Decreased brain volumes in infants with prenatal opioid exposure
Background/Objective: Previous small studies have shown that prenatal opioid-exposed (POE) infants and older children display decreased cerebral, cerebellar, or subcortical brain volumes. However, these studies are plagued by suboptimal reference standards or were unable to correct for the influence of other environmental factors in older children. Therefore, our goal was to study differences in brain volume of POE infants when compared to a geographically matched population. We hypothesized that there will be a significant decrease in total brain volume of the POE infants in comparison to the non-opioid exposed control infants, including a reduction in the cerebellar volume.
Methods: This was an IRB approved prospective study of mothers and infants with POE and controls without POE. All recruited infants underwent MRI scans of the brain before they reached a corrected age of 2 months. The T1-weighted MRI images were analyzed by Infant FreeSurfer and segmented into ROIs. The segmentations were manually checked and edited. An ANOVA analysis was performed to compare the cerebellar and total brain volume datasets. We corrected for gender, corrected gestational age at MRI scan, and total brain volume where necessary.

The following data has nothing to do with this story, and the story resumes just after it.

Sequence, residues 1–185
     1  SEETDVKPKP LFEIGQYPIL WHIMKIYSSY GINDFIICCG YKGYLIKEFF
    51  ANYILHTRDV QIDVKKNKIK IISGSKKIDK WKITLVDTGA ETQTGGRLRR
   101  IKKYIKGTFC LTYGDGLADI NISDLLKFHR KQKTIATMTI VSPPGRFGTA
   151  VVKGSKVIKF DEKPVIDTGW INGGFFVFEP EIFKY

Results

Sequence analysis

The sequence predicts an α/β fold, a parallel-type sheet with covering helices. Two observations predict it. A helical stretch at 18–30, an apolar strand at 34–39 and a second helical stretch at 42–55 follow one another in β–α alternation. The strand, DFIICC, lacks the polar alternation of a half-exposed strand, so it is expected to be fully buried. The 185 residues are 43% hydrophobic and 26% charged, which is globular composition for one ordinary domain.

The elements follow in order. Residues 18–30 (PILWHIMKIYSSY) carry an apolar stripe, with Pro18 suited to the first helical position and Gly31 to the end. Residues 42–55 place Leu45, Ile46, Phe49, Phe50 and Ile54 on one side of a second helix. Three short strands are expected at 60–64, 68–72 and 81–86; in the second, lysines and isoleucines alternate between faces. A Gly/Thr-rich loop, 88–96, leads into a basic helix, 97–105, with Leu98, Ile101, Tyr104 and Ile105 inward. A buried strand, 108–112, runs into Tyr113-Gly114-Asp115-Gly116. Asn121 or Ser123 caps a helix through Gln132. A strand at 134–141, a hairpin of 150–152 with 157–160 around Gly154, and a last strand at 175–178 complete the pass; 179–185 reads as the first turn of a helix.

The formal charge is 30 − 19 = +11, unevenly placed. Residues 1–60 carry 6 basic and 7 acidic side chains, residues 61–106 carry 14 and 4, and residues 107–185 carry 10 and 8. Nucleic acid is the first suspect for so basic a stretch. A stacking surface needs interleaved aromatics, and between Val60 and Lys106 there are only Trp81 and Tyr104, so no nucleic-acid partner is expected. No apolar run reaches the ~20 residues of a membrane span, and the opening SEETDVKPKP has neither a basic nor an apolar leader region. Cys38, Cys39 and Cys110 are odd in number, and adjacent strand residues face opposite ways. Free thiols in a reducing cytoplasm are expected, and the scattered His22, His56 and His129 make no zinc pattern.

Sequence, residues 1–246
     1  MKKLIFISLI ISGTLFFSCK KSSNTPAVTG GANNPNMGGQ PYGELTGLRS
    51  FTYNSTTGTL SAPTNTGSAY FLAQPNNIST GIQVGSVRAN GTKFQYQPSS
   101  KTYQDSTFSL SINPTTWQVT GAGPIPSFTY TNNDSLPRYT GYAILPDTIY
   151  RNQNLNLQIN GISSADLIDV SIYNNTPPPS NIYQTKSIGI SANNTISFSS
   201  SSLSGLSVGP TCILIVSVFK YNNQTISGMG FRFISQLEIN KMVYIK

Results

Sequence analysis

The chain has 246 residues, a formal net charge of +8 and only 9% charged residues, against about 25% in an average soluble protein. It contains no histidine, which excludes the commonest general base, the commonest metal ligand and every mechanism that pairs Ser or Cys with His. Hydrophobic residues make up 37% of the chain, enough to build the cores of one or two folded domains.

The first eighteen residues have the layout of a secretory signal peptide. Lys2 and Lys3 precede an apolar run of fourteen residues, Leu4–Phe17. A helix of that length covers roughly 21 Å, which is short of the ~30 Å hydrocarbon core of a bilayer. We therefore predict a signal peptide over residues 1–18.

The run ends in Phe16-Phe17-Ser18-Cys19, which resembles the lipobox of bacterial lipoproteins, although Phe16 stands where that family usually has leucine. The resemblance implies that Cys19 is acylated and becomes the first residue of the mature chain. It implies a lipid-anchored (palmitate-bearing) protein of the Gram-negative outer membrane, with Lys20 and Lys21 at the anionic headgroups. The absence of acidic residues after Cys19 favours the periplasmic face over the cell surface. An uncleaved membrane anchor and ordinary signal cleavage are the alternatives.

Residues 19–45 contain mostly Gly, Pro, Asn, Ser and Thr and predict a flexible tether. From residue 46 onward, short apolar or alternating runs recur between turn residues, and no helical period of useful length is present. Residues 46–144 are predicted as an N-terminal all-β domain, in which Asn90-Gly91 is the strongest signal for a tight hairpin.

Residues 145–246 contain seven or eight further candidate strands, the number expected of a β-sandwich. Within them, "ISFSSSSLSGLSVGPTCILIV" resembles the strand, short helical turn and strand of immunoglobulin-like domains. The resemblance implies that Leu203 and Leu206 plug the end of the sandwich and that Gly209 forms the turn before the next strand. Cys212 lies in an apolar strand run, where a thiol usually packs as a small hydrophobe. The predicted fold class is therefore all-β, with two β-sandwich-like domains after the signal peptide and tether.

Results: 42 infants were included in the study, 21 with POE and 21 control infants. There was a significant difference in the mean gestational age of POE infants (38.28±2.13) compared to control infants (39.42±0.72). On quantitative analysis, the POE group had a significantly reduced total brain and supratentorial volume in comparison to the controls. The cerebellar volume was also significantly smaller in POE, but this significance did not persist when the total brain volume was included in the model.
Conclusion: The supratentorial region is affected disproportionately more than the cerebellum in POE. Specific reductions in cortical, subcortical, and white matter volume need to be further investigated and their influence on developmental outcomes need to be studied.
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